DEV Blog: Spirit Cleanser Enemies

A four-day long weekend coupled with a state-wide lockdown has done wonders for my productivity. Positivity is always welcome during times like these, which is why I’m thankful this streak of solitude granted me to the time to revisit a prototype I had shelved.

There’s a bit of irony on why I had avoided it for so long: I was frustrated with how the player handled being hit by a large enemy. It was only a rectangle box, but when it attacked from above the player just squished between it and the floor, instead of recoiling away. Should I have just fixed it? Perhaps. Did I instead spend a significant amount of time learning a visual scripting plugin for Unity, in hopes it would prevent future issues like above? Perhaps.

After all that I realized I’d rather write code than drag nodes, and after only 30 minutes of concentrated debugging, this insignificant bug was squashed. I wasted quite a bit of time on my time saving scheme. Nevertheless, glass-half-full as I am, this means that my base enemy logic is complete. So, I thought I would share it with you. Now I have a nice little prefab, consistent with every enemy, that can be built on to ensure unique yet unified foes.

That is, you can possess all enemies, and you can cleanse all enemies. This process is how every enemy in the game will be defeated.

Enemy Possession and Cleansing

Enemy possession and enemy cleansing are two parts of one whole. Together, they form the foundation of the whole game.

When the player projects their spirit, they can “spirit dash”. If they collide with an enemy during this dash, they will possess them. The body remains as a vulnerable shell until the spirit returns.

Possessing and enemy will make the player’s spirit disappear into the enemy. From there, a series of button presses will appear above the enemy. If they are pressed in the correct order, the enemy is cleansed and the player’s spirit is ejected back into the world.

I’ve represented these two pieces of logic with flowcharts. Flowcharts might not be the most appropriate for this, but I’m trying to re-familiarize myself with them.

Logic Flow from Spirit projecting to Enemy possession
Logic flow for Enemy cleansing

Making the Enemy Prefab

Every enemy needs to be possessable and cleansable. It stands to reason a base prefab is a great way to quickly and easily set the enemy logic, before layering on defining enemy characteristics. Straight from the Unity manual:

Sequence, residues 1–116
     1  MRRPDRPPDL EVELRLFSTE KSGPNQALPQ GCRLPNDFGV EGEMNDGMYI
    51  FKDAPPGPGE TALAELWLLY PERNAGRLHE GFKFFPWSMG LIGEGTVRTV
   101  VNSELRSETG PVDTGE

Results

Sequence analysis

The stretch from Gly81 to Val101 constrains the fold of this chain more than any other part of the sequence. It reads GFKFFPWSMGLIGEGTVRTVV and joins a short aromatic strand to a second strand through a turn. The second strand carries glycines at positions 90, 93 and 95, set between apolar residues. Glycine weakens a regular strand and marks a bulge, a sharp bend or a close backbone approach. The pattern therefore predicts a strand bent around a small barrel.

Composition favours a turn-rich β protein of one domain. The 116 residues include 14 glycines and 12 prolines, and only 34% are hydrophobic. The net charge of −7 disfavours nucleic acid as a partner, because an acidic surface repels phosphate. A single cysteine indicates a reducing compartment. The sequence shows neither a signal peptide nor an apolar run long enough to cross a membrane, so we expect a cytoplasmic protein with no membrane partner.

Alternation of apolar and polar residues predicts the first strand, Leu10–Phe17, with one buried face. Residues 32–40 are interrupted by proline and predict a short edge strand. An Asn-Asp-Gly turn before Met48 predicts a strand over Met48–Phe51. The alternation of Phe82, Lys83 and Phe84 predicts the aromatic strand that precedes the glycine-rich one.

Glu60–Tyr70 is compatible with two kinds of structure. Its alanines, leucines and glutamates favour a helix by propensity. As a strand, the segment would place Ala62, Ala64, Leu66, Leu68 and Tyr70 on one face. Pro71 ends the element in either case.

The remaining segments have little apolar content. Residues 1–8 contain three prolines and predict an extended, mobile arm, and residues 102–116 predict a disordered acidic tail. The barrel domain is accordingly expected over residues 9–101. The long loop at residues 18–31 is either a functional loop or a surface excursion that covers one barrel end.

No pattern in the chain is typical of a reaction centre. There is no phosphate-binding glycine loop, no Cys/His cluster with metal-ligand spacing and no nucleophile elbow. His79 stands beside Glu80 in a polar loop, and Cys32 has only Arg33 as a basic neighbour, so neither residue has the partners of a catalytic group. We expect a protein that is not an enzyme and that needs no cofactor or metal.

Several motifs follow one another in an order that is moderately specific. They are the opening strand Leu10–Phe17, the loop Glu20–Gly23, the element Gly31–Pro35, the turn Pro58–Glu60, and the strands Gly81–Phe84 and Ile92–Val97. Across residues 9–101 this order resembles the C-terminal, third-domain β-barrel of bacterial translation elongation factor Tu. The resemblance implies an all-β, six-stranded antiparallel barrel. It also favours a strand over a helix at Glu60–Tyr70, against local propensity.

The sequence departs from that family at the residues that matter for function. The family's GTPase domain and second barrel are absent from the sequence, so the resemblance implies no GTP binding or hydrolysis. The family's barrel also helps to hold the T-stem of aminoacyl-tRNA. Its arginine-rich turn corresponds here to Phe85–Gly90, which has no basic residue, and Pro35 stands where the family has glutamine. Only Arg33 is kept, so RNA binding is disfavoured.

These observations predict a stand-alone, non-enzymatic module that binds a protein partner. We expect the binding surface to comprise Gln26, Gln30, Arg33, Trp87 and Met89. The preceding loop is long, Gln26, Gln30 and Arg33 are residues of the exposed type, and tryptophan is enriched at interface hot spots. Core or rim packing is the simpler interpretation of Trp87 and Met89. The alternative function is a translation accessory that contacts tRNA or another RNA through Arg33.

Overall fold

Unity’s Prefab system allows you to create, configure, and store a GameObject complete with all its components, property values, and child GameObjects as a reusable Asset. The Prefab Asset acts as a template from which you can create new Prefab instances in the Scene.


This prefab is going to need two things: scripts to handle the logic, and a canvas to display the UI elements.

The Enemy Canvas

The first thing I did for the canvas was to create prefabs for the buttons that need to be pressed for cleansing. These consist of an Image component, and a script that defined the sprite to show, and the corresponding button to press. All the script does is set the image, and tell another script about the button to press. There are four prefabs, one for each direction on the keypad.

public class CleanseButton : MonoBehaviour 
    public Sprite buttonImage;
    public string buttonToPress;

    void Start()
        GetComponent<Image>().sprite = buttonImage;
Cleanse Button game object values

I chose this approach for cleanse buttons to allow for easy button adding. If more difficult enemies demand more buttons on the keypad, then all I’ll need to do is add some more prefabs in this fashion. These prefabs will be passed as parameters to the enemy logic script, dictating possible buttons to press.

Our canvas is going to need a place to store these buttons, and to hold the timer. The hierarchy looks like so:

Enemy Canvas heirachy